|Publication number||US5930742 A|
|Application number||US 08/769,762|
|Publication date||Jul 27, 1999|
|Filing date||Dec 19, 1996|
|Priority date||Dec 19, 1996|
|Publication number||08769762, 769762, US 5930742 A, US 5930742A, US-A-5930742, US5930742 A, US5930742A|
|Inventors||William A. Dodd, Jr., Laurin K. Dodd, Gregg Juett|
|Original Assignee||Golf Car Systems, Inc.|
|Export Citation||BiBTeX, EndNote, RefMan|
|Patent Citations (8), Referenced by (21), Classifications (16), Legal Events (5)|
|External Links: USPTO, USPTO Assignment, Espacenet|
The present invention relates to a wheeled fleet processing and reporting system including an improved hubmeter. In the prior art, metering devices are known that measure and store and display such data as distance traveled by wheeled vehicles (e.g., mechanical odometer) or energy consumed (e.g., a watt-hour meter) as an index of distance traveled, or time elapsed (e.g., hour meters) as an index of distance traveled. However, systems that collect such metered-data for fleets of vehicles, and process such data, and output such data into meaningful fleet-information monitoring reports for the user of the system are not known. In addition, devices that not only measure and keep track of the number of rotations of a wheel rotating on an axle, but also keep track of the time data concerning when the actual rotations took place are not known. It is with this aspect in mind that the present invention was developed.
The present invention relates to a wheeled fleet processing and reporting system including improved hubmeter. The present invention includes the following interrelated objects, processes, aspects and features:
(1) A master data base system processing raw meter data, either received from a hubmeter, or collected and input to the system by other metering devices. These data are processed by the system and printed into reports for the user of the system so that the user may keep the vehicles in balanced usage, know when to perform maintenance functions based on the meter data for the vehicles, and provide complete and accurate monitoring of the vehicles' usage.
(2) There is an improved digital hubmeter comprising a self-contained device including a magnet mounted on a pendulum, sensors to sense proximity of the magnet, and built-in PC board carrying a microcomputer. The inventive hubmeter is mounted on a vehicle so that the PC board thereof rotates in concert with rotations of the associated vehicle wheel. In this way, each rotation of the PC Board causes activation of a magnetically sensitive sensor. When the sensor is activated, it sends a pulse to the microcomputer that registers and stores the pulse.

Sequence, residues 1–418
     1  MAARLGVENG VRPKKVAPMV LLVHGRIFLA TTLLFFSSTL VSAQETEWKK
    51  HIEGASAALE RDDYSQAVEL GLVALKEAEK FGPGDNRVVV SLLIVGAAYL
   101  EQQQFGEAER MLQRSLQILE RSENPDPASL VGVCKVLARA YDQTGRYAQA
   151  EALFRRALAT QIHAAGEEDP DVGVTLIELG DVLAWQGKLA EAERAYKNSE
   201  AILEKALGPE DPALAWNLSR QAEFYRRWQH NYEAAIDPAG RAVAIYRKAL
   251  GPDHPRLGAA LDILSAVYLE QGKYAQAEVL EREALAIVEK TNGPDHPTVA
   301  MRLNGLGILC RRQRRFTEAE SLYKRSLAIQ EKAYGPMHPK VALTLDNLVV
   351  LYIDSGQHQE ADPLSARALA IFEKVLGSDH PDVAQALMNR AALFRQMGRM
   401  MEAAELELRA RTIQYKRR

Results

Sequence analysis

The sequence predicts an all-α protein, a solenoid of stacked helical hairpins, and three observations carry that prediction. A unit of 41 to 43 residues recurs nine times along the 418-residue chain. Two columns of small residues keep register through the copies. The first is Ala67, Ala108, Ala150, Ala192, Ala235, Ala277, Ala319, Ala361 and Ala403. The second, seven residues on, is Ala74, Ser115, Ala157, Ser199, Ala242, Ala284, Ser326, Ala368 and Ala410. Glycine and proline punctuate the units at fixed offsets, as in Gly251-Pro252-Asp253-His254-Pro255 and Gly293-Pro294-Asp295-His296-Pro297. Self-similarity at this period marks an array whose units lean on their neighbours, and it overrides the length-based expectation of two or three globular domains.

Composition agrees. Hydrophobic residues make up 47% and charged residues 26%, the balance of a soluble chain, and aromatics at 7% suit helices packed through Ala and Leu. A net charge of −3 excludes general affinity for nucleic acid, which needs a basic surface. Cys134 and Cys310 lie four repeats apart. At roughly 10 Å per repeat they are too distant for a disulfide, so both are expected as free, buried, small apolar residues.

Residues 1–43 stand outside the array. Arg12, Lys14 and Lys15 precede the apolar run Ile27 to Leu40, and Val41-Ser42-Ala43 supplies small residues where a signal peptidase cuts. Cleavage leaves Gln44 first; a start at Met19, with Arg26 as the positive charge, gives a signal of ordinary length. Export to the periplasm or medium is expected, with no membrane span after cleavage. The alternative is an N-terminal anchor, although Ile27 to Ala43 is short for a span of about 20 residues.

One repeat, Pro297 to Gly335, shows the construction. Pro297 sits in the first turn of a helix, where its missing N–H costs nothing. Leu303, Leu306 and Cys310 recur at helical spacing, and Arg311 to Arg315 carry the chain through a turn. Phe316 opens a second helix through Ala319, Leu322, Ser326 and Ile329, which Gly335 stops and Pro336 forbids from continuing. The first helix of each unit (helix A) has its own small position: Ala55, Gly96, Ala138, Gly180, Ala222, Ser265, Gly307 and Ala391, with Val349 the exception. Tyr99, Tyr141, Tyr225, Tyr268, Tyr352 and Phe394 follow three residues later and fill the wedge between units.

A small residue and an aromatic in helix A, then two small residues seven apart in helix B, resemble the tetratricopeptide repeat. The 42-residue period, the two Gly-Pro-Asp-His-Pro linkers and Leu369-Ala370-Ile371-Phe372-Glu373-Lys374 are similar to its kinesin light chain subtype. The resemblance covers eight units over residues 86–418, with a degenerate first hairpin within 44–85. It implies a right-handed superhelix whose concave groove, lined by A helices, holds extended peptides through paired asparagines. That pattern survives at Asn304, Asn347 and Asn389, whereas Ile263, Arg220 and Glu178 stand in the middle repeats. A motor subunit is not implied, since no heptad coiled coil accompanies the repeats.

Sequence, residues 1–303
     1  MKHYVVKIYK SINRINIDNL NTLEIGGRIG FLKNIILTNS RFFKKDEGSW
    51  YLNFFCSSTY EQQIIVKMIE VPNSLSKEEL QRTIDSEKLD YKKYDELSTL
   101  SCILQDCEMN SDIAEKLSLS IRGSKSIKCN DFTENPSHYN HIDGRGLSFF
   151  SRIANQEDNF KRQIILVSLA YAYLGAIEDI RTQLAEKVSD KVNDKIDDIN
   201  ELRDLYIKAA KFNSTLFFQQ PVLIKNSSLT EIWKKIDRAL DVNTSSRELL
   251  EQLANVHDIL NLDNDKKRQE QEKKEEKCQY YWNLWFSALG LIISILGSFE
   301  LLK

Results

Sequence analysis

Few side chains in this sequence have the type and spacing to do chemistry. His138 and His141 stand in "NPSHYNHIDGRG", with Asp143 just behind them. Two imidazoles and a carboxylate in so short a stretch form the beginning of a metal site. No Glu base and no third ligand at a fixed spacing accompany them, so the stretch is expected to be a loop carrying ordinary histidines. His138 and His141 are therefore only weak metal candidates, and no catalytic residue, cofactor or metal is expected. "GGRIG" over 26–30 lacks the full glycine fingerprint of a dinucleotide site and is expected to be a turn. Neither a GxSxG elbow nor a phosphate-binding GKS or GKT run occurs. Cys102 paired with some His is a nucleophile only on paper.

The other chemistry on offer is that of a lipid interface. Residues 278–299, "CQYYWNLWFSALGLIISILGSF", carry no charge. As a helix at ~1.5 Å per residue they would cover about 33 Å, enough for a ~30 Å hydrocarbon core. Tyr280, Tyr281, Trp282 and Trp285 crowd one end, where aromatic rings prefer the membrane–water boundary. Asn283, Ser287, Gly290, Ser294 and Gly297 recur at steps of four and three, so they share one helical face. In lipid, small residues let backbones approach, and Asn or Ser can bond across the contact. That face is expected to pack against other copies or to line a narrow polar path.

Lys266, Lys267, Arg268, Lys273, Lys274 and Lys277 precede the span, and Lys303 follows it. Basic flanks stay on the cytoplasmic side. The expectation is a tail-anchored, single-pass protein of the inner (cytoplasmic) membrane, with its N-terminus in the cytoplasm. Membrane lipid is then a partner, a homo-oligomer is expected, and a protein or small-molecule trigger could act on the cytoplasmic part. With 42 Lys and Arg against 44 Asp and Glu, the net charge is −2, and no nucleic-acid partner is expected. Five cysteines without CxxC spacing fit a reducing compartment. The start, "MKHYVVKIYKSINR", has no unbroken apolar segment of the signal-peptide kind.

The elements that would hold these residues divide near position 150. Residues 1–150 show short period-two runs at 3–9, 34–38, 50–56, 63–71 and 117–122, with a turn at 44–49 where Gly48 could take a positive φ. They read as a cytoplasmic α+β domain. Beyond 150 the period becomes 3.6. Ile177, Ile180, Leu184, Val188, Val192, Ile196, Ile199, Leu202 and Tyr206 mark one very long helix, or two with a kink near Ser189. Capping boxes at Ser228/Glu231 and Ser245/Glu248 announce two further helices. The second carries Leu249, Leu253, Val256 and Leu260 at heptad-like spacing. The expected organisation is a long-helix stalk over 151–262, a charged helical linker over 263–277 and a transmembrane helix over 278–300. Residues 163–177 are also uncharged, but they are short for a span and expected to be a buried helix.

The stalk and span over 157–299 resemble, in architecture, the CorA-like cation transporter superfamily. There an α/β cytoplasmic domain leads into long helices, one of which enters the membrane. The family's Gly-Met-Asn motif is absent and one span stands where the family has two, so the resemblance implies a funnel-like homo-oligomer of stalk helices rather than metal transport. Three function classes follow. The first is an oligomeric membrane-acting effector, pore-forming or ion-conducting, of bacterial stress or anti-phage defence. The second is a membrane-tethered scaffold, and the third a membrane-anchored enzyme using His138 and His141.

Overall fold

(3) The hubmeter has a built-in electronic clock that keeps track of the time of day in a precise fashion. Periodically, at regular time intervals, the microcomputer reads the time from the built-in electronic clock and also simultaneously reads the accumulated rotation count total and stores this data in the memory for later retrieval.
(4) The inventive system, when used with the hubmeter, also contemplates the use of an external reading device, the "wand", that is so designed that when placed in proximity to the hubmeter, the microcomputer is caused to retrieve the memory contents, format the memory contents, and serially transmit them into the external reading device, which reading device then relays the data to a hand-held computer which computer in-turn transmits the data via a modem to a host computer on which the inventive master data base system processes the data.
Accordingly, it is a first object of the present invention to provide a wheeled fleet information processing and reporting system.
It is a further object of the present invention to provide a wheeled fleet processing and reporting system with an improved hubmeter which hubmeter electronically collects and transmits meter data to the system.
It is a further object of the present invention to provide such a system wherein the hubmeter has a built-in microcomputer.
It is a yet further object of the present invention to provide such a system wherein the hubmeter microcomputer monitors the number of rotations of an associated vehicle wheel but also keeps track of, via a built-in timer, the cumulative rotation total with respect to time.
It is a still further object of the present invention to provide such a system wherein reports may be generated from raw data provided to the system, either from the hubmeter, or transmitted meter data from other devices, so that the user may monitor operation of a fleet of wheeled vehicles.
These and other objects, processes, aspects and features of the present invention will be better understood from the following detailed description of the preferred embodiment when read in conjunction with the appended drawing figures.
FIG. 1 shows a top view of a digital hubmeter in accordance with the teachings of the present invention.
FIG. 2 shows a side view of the hubmeter with parts broken away and partially in cross-section to show detail.
FIG. 3 shows a schematic representation of the electrical circuitry of the hubmeter.
FIGS. 4, 5 and 6 sequentially show operation of the inventive system including the hubmeter of FIGS. 1-3.
FIG. 7 shows a flow chart of the preferred mode of operation of the inventive system using the hubmeter of FIGS. 1-3.